吃进去的美容产品 未必能让你美得由内而外

The exports from the United Kingdom of all kinds of linen goods, and of flax yarn, amounted, in 1834, to the total declared value of 2,579,658. The quantities of Irish linen shipped in subsequent years continually increased from 34,500,000 yards in 1800 to 55,000,000 yards in 1835. The manufacture of linen also made great progress in Scotland, especially in the town and neighbourhood of Dundee. In 1814 the quantity of flax imported into Dundee for use in the factories did not exceed 3,000 tons; but in 1831 it was 15,000 tons, and in 1833 it was nearly 18,000 tons, including 3,380 tons of hemp. The quantity of linen sail cloth and bagging into which this material was made, and which was shipped from Dundee in the same year, amounted to 60,000,000 yards. The manufacture of linen increased rapidly in England, and the improvement of the quality was wonderful, owing to the perfection of the machinery. The length of a pound of yarn of average fineness in 1814 was only 3,330 yards; but in 1833 a pound of the average quality contained 11,170 yards; the yarn of that quality having during twenty years fallen to one-ninth of the price; the raw material having been reduced in price at the same time about one-half. The English manufacturers embarked to so large an extent in the linen trade that they became large exporters of linen yarn to Ireland and also to France.

The Christmas holidays necessarily postponed the plans of the conspirators by the Ministers going out of town, and the deaths of the king and of the Duke of Kent produced further impediments by preventing the regular Cabinet meetings. At one moment the plan appeared to be in jeopardy from the Ministers being in danger of dismissal for their refusal to procure the new king a divorce; but all these hindrances only the more enabled Edwards to ply his arts, and stimulate his victims to their destruction. So thoroughly had he brought them to this point, that, on the 19th of February, they came to the resolution to assassinate the Ministers each at his own house, as they could not get them all together; but at this moment Edwards brought them word that the Ministers were going to have a Cabinet dinner the next day. To make sure, they sent out for a newspaper, and finding that it was so, Thistlewood remarked that as there had not been a Cabinet dinner for a long time, there would be fourteen or sixteen there, and it would be a fine haul to murder them all together. The dinner was to be at the house of Lord Harrowby, and it was planned that one of the conspirators should call with a note, and then the rest should rush in and put the Ministers all to death, and bring away the heads of Sidmouth and Castlereagh in bags provided for that purpose. They were then to fire the cavalry barracks by throwing fire-balls into the straw-sheds, and the people rising, as they hoped, on the spread of the news, they were to take the Bank and the Tower.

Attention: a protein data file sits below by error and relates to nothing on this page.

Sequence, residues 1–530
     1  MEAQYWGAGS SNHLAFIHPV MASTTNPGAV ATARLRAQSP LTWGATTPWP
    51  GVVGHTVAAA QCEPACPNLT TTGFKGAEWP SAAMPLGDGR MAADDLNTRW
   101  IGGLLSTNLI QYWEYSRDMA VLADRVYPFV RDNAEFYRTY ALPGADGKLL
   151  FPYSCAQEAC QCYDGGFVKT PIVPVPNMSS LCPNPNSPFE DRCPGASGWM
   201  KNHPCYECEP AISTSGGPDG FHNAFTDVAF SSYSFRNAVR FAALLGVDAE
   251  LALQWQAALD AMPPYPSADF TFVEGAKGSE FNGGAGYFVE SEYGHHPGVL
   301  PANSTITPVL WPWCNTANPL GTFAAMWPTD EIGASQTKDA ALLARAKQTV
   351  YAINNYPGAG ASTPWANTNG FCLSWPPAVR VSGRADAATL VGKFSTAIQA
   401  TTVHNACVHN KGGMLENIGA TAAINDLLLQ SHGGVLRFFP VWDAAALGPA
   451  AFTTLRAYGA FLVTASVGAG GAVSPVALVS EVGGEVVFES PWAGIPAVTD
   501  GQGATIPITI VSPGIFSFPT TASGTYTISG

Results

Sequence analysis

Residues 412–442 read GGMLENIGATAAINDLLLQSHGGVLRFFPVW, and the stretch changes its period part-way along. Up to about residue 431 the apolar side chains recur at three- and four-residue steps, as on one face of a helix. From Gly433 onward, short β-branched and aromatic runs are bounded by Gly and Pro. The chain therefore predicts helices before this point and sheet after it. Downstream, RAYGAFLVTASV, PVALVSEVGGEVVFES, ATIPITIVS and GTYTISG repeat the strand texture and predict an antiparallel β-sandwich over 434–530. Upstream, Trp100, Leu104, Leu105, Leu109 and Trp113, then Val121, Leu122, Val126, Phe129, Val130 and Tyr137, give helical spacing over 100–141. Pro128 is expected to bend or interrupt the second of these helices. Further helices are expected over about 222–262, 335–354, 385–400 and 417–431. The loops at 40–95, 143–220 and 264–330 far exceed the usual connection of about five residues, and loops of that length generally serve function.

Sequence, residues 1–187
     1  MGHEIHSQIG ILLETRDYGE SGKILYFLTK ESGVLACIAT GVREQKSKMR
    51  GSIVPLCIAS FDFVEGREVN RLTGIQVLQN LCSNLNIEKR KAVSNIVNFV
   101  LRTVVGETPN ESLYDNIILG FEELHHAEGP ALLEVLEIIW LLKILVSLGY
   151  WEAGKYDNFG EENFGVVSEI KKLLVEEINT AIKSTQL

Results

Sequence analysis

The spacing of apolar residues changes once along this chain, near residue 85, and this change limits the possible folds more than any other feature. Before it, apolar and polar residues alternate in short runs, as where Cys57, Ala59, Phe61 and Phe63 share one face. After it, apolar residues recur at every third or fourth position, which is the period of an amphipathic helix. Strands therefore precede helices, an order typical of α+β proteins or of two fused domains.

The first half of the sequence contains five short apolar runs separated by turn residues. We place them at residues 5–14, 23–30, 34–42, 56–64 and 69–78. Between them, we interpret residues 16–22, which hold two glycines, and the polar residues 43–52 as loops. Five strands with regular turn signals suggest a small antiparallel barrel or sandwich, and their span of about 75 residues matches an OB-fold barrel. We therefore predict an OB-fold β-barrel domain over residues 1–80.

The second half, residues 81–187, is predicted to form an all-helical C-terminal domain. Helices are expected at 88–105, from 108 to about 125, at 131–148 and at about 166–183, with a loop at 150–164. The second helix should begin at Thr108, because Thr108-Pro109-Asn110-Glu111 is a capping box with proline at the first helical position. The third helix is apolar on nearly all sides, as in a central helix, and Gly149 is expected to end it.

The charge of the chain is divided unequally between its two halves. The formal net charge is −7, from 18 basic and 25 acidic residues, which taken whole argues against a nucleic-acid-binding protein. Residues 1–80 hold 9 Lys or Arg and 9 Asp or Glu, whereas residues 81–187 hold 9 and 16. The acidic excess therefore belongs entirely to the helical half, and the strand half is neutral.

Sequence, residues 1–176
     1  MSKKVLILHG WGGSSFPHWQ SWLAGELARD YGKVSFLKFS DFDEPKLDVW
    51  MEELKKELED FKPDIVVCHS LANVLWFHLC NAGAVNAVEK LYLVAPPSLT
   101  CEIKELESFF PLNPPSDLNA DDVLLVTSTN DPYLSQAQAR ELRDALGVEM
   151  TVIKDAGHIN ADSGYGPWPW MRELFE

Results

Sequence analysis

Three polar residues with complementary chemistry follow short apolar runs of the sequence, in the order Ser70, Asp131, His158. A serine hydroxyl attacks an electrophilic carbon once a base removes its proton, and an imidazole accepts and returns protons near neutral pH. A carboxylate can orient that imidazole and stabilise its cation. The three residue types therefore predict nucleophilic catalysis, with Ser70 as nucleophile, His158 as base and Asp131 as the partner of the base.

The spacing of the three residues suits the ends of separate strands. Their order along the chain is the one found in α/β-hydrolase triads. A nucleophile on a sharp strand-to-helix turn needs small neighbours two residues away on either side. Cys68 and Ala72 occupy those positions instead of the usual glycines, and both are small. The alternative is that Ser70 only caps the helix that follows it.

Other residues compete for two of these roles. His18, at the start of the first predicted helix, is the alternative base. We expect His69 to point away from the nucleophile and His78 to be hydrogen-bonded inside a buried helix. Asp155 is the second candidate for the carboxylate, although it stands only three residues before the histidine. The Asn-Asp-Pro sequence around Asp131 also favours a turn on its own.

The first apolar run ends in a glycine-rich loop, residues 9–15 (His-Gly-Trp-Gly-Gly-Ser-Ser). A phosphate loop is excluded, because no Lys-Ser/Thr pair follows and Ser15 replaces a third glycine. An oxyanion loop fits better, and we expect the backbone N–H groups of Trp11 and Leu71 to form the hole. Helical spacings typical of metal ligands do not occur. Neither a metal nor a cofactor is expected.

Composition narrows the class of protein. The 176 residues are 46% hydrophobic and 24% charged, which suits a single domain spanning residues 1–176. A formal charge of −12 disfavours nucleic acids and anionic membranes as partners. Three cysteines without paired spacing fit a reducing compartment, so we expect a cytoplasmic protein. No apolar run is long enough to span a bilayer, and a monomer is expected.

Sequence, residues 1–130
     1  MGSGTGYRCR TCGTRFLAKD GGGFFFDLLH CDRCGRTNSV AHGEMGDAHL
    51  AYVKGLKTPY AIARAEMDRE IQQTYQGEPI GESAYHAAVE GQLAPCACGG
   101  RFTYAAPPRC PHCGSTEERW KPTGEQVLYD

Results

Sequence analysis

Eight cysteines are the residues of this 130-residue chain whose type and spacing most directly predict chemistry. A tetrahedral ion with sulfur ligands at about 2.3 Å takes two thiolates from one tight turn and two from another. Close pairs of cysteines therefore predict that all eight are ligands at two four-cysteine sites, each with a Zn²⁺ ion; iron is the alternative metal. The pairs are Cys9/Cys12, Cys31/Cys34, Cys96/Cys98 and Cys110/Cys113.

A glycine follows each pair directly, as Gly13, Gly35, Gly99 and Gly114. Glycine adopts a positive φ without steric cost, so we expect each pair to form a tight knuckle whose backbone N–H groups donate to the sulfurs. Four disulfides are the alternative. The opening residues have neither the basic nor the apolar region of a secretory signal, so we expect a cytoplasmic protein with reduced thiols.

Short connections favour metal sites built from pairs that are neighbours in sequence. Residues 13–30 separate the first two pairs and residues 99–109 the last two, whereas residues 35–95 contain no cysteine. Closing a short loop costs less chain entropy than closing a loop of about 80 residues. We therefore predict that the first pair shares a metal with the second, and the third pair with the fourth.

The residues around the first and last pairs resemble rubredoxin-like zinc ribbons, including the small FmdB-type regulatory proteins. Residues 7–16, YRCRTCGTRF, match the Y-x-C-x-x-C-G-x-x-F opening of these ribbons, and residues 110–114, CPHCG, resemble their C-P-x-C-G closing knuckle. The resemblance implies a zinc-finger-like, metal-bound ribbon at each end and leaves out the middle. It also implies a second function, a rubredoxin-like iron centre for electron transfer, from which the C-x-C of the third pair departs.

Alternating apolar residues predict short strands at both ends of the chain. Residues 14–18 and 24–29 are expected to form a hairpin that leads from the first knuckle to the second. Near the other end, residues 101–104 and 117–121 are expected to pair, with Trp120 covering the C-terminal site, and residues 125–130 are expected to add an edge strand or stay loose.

[See larger version] Scarcely had Colonel Forde returned from this expedition, towards the end of the year 1759, when the Dutch, envious of the English success, sent an armament of seven men-of-war and one thousand four hundred soldiers from Java. They landed on the Hooghly, and began committing ravages; but Forde surprised and defeated them, taking every one of their ships. They were glad to apologise, and pay the expenses of the war. In February, 1760, a few weeks after these events, Clive, whose health was failing, set sail for England, where he was received with the highest clat, and made an Irish peer, as Lord Clive, Baron of Plassey. He soon after entered Parliament.

In the Peninsula, altogether, the French had upwards of two hundred thousand men, but the force which Massena led against Wellington did not amount to more than sixty thousand, Drouet remaining, for the present, in Spain with eighteen thousand men, and Regnier lying in Estremadura[603] with ten or twelve thousand more. To contend against Massena's sixty thousand veterans, Lord Wellington had only twenty-four thousand British on whom he could rely. He had thirty thousand Portuguese regulars, who had been drilled by General Beresford, and had received many British officers. Wellington had great expectation that these troops, mixed judiciously with the British ones, would turn out well; but that had yet to be tried. Besides these, there were numerous bodies of Portuguese militia, who were employed in defending the fortresses in Alemtejo and Algarve, thus protecting the flanks of Wellington's army.

(After the Picture by Laslett J. Pott, by permission of Ephraim Hallam, Esq.)